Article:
George W. Bush's No Child Left Behind (NCLB) legislation, which requires students at all U.S. public schools to meet certain math and reading benchmarks, went into effect nearly 10 years ago, on Jan. 8, 2002. Since then, NCLB has been a popular target for politicians, educators, and policy experts as it has become outdated. The legislation was supposed to be rewritten in 2007, but has merely been renewed by Congress for the past several years.
President Obama and Secretary of Education Arne Duncan have repeatedly attacked the law, going so far as to grant waivers from the law to states who submit alternative accountability plans. Congress took its first real stab at reforming the law in October 2011 as Democratic Sen. Tom Harkin, of Iowa, and Republican Sen. Mike Enzi, of Wyoming, presented a comprehensive revision to No Child Behind. The Harkin-Enzi legislation looks to be one of Congress's main focuses when it goes back into session later this month.
Laura Hamilton, senior behavioral scientist at RAND Corp., a nonpartisan, Washington, D.C.-based think tank, says that regardless of what happens with NCLB, the law has changed the public's perception of education.
"It's drawn attention to the idea that we can measure school performance," she says. "It's led states and districts to improve data systems, and I think it will continue to have an effect even if we change how performance is measured."
The main controversy surrounding NCLB is the difficulty schools are having meeting "Annual Yearly Progress" (AYP) math and reading benchmarks—goals that about 50 percent of American schools failed to achieve in 2011. By 2014, all students are expected to be "proficient" in math and reading.
But those proficiency benchmarks were left up to each individual state to decide in 2002, and schools are judged on the percentage of their students who meet those benchmarks, not their year-to-year improvement. That means more schools each year are considered to be "failing" under the law. The 48 percent of schools who "failed" under NCLB in 2011 represented more than double the percentage that failed in 2010.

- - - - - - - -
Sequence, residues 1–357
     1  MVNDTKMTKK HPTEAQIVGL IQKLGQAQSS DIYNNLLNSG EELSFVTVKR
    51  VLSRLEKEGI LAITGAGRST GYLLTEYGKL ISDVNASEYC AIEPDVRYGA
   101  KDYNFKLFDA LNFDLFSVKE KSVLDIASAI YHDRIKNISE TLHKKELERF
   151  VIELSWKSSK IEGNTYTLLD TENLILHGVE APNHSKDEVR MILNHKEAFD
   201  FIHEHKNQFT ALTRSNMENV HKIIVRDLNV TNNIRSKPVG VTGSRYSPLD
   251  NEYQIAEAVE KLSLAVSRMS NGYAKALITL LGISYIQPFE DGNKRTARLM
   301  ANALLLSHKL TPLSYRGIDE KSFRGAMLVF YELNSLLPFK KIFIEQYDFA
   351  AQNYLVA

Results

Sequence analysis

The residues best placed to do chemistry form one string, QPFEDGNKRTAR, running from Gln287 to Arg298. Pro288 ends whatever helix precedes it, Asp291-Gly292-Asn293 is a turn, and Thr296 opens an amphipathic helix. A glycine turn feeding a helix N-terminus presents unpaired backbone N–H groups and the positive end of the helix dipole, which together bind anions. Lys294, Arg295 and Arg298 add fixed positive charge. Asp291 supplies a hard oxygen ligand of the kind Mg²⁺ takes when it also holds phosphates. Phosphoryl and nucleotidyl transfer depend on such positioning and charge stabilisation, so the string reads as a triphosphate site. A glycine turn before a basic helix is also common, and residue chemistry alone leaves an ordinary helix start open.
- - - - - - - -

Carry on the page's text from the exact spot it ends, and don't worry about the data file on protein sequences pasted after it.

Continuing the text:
[Identify the characteristics of underperforming schools.]
"The number of schools failing to make AYP tracks directly with the pattern of increases in states' targets," Brian Stecher, RAND's associate director of education, says. "Many states backloaded the trajectories, increasing targets towards the end ... when targets jump, there's a large increase in the number of schools not making AYP."
When schools are faced with bringing students up to a certain benchmark, they make sacrifices, says Hamilton. Curricula are narrowed, and educators spend more time "teaching to the test," which means less time for subjects other than reading and math. Even in those subjects, corners are cut, Hamilton says. Instead of reading novels, a high school class might spend time reading short passages and completing multiple choice comprehension assignments.
[Learn why multiple choice exams are used on high-stakes tests.]
Stecher, RAND's associate director of education, says NCLB's effects have been a mixed bag for education in the country. "There have been some good features of the law: Focusing on accountability has been beneficial," he says. "But the focus on multiple choice testing led to a lot of bad behaviors and the kind of instruction we don't want to encourage."
Others are more candid with their criticism of NCLB. In a report released Tuesday, FairTest, the National Center for Fair & Open Testing, called NCLB a "policy failure" that led to a "lost decade for educational progress."
"Because of its misguided reliance on one-size-fits-all testing, labeling and sanctioning schools, it has undermined many education reform efforts," the researchers wrote.
The idea of accountability, RAND's Hamilton says, is a good one, but there should be more measures of accountability in any revised NCLB bill. In a recent paper, Hamilton and other RAND researchers advocated broadening the scope of NCLB to measure achievement in more subjects and to measure factors such as student satisfaction, health, high school graduation rate, SAT scores, and honors and Advanced Placement (AP) courses taken.
"We need to find ways where you could continue to have a system of accountability that doesn't lead to [curriculum] narrowing," Hamilton says. "We don't want kids to be tested for 20 hours, but we need to have a dialogue to start thinking about how we can expand the measures tested."